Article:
Teacher Training: Iyengar Class

As part of the Teacher Training requirements, we need to attend four basic types of Hatha Yoga classes: Anusara, Ashtanga Vinyasa, Restorative and Iyenger. I had saved the “best” for last, as we’ve talked quite a bit about the Iyengar style throughout much of the training and I have been somewhat nervous to try it. I decided to take the class at Yoga Garden on Divis this evening and it was an experience.

The focus of Iyengar yoga is alignment. You spend a lot of time in each pose, focusing on each body part and where it is supposed to be and act during each pose. I enjoyed this part of the class, however, I had a very hard time connecting with my breath and found it very difficult to find a rhythm because of all of the constant interruptions. In order to focus on the alignment, you end up using a ton of props and various “accessories” during the class to get the alignment just right. At one point, I looked around the room and each of the 7 students in the room had: 5 blankets, two blocks, 2 straps, 1 sand bag and one pole. You heard me right, a pole.

There was a lot of discussion in the class, asking about how to do something or what should I do with some body part. This is fairly unusual, as conversation and discussion with the teacher during a vinyasa class are generally not recommended. Each student is supposed to have their attention focused inward, not involved in discussion with the teacher about specific poses. I don’t disagree with this aspect of yoga — I think students should be able to ask the teacher questions about specific poses, but it’s usually a more one-on-one thing as opposed to disruption to the larger class.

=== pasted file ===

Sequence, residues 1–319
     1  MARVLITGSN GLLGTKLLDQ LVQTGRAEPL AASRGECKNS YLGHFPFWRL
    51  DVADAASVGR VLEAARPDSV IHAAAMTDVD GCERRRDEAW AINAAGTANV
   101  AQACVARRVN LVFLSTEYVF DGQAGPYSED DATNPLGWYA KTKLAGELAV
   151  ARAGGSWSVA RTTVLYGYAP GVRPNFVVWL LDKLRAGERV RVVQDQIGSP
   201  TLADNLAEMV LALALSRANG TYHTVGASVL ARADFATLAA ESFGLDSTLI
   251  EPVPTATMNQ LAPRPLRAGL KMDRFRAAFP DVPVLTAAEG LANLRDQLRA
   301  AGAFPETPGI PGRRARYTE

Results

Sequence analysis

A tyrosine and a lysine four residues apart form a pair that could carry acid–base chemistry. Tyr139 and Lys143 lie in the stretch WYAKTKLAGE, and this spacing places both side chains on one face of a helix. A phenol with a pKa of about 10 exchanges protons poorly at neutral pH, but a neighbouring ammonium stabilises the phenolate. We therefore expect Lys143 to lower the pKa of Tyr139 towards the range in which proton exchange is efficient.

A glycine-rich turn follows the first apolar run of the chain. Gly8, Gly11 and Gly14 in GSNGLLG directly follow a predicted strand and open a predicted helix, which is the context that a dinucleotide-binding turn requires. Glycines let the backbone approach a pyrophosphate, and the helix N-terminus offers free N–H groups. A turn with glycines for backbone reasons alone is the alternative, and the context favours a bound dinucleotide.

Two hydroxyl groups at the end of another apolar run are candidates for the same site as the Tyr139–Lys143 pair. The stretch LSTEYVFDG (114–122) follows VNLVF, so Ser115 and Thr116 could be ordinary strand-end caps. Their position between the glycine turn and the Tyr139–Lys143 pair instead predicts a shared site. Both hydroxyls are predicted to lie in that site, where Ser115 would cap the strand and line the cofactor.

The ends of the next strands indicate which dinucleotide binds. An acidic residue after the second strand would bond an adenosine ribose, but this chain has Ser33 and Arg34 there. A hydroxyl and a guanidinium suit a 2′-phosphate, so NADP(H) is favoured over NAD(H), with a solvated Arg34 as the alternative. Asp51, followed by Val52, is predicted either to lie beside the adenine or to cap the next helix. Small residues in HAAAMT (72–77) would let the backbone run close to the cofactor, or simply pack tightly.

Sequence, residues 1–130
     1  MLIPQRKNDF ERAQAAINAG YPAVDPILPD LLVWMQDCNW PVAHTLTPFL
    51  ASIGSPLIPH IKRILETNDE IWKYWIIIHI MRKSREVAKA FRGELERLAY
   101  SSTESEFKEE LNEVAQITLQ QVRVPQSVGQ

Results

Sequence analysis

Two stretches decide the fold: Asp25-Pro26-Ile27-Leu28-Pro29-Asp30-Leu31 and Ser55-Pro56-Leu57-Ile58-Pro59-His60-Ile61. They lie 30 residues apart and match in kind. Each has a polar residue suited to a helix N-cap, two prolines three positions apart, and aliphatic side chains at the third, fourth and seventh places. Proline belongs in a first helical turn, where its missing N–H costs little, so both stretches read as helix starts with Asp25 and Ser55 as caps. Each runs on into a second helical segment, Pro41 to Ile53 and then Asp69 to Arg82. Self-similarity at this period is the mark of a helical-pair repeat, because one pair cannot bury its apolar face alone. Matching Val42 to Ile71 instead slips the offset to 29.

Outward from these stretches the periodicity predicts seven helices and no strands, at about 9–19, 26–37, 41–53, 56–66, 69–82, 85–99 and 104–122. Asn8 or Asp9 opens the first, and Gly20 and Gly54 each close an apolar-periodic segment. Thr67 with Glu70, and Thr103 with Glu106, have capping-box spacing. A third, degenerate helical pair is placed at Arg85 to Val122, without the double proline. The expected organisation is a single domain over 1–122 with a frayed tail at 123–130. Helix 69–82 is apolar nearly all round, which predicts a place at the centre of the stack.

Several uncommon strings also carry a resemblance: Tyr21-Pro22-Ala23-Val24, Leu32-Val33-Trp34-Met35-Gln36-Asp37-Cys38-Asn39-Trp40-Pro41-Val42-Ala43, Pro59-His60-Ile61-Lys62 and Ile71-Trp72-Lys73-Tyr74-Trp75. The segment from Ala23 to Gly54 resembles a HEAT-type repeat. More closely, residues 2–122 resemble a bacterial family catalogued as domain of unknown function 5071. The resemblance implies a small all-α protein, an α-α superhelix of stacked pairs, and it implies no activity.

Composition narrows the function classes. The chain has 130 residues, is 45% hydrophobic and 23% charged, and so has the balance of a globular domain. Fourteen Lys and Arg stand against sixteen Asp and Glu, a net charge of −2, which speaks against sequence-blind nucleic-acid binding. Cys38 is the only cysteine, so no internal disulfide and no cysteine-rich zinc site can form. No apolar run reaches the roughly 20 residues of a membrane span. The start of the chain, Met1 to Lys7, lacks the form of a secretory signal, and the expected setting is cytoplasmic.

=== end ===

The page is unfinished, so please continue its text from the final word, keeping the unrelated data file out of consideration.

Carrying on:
Speaking of discussions, I’ve never been in a yoga class before where we had a 5 minute discussion on a philosophical topic about yoga. Again, I enjoyed it, but it was not something I’m accustomed to. The teacher had asked us if it was possible to find “God” in Asana, or yoga poses. A few people spoke up. Considering my mind state lately, I jumped at the opportunity to share my thoughts. I said most definitely. By focusing your attention inward, you can find your inner Self, which in my opinion, is God. The teacher countered by asking if you couldn’t do the same thing riding a bicycle or playing guitar. I said “Yes, but you didn’t ask that. You asked if it could be found in Asana, which it can — much like riding a bicycle or playing guitar. The difference being, though, that when you are in Asana you are focusing inward and looking for that quiet space. When you are riding a bike, I hope your attention is on the road ahead of you.”  He didn’t appreciate my answer. I didn’t appreciate his.

Needless to say, it was an interesting discussion and not part any other yoga class I’ve been to in the past few years. I think the most interesting point in the class came when he instructed us to use our poles and sit on them (legs perpendicular) so that our sits bones are balanced on the pole in Dandasana (Staff Pose). Not only was this challenging, but very uncomfortable. I had to remind myself that this was the point of yoga, as I breathed through it.

I don’t feel I got that great of a workout tonight. I don’t very grounded or centered. I wasn’t able to connect to my breath. The interruptions were annoying. But, it was a different experience. I really enjoyed some of the poses, including uttanasana (standing forward fold) as we really focused on each muscle being stretched in the forward bend. It was probably the deepest standing forward bend I’ve experienced, for sure.

I’d go back to an Iyengar class. I was expecting something much more harsh and serious — but it was fun. Would I choose it over a hatha flow or vinyasa class? Probably not. But it was fun for a change.


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